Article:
A businessman neglects his wife, who is tricked into believing he is having an affair. She packs to leave him, but is distracted by their little girl, and can't bear to go.

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Cast

Credited cast:
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The Husband
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The Wife
Adele DeGarde ...
The Child
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The False Friend
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Kate Bruce ...
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Storyline

The young businessman becomes so engrossed with the building up of his new business, that he, to a degree, neglects his wife and little child. Of course, like all enthusiastic businessmen, he does not realize that his wife tires of the everlasting harangue of business. It is "business, business, always business." Hence it is small wonder that the wife listens to the poisonous flattery of the husband's college mate, whom he introduces to her. This false friend tries to strengthen his sinister purpose by arousing the suspicion of the wife against her husband by placing a photograph of his stenographer in his coat pocket, which is found later by the wife. This is apparently most convincing, and the wife consents to go away with this wretch. The maid overhears their plans and informs the husband, who would wreak vengeance, but the child's cry of "Mamma, Mamma" averts a tragedy of a soul and body. Written by Moving Picture World synopsis

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Plot Keywords:

domestic | menage a trois | See All (2) »

Genres:

Drama | Short

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28 December 1911 (USA)  »

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1.37 : 1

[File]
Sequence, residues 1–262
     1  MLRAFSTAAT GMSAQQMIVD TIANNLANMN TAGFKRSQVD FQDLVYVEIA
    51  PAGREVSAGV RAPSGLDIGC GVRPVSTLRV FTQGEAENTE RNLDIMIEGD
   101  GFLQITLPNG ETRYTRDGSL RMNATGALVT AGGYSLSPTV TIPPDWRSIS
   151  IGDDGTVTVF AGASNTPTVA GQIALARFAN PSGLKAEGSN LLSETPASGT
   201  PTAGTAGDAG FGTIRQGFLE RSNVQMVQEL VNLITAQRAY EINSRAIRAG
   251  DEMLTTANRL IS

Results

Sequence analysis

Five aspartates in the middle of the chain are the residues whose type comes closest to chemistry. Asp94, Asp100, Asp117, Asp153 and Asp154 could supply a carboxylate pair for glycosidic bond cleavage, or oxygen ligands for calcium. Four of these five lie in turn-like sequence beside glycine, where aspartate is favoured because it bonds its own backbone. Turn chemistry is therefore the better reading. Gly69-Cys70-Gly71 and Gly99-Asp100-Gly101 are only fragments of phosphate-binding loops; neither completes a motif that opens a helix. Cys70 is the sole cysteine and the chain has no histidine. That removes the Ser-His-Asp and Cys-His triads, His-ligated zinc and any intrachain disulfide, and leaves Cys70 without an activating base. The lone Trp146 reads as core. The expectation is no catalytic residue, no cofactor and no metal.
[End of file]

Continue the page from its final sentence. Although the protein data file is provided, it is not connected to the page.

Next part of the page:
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The picture's worst fault is that it seems hurried
17 July 2016 | by (Chicago) – See all my reviews

A picture in which a child's call to her mother, who was on the point of eloping with her husband's false friend, averted a tragedy. The picture's worst fault is that it seems hurried. Because of this it even loses something of the dignity it might have had. Apparently it was the fault of neither the camera nor the projector. Perhaps it came from a desire to keep it from dragging as it would have if played at a slower pace, being overburdened with scenes some of which were not necessary. This hurry also seemed to hinder the acting. One of the most pleasing players, personally, of the Biograph Company took the leading role as the wife. Her work has often shown a very commendable excellence. But in this picture, and even at some of the critical points, she seemed to lose grasp of the situation and failed to get depth in her interpretation by smiling. One commendably acted part is that of the maid. The child is very pleasing, although one feels that the producer was a fault in permitting her to give a melodramatic touch to the scene where she sees the "friend" putting the photograph of the husband's stenographer in the pocket of the coat the wife and mother is about to mend. This provoked a laugh and was, indeed, very amusing, but it didn't belong in this particular picture. - The Moving Picture World, January 13, 1912


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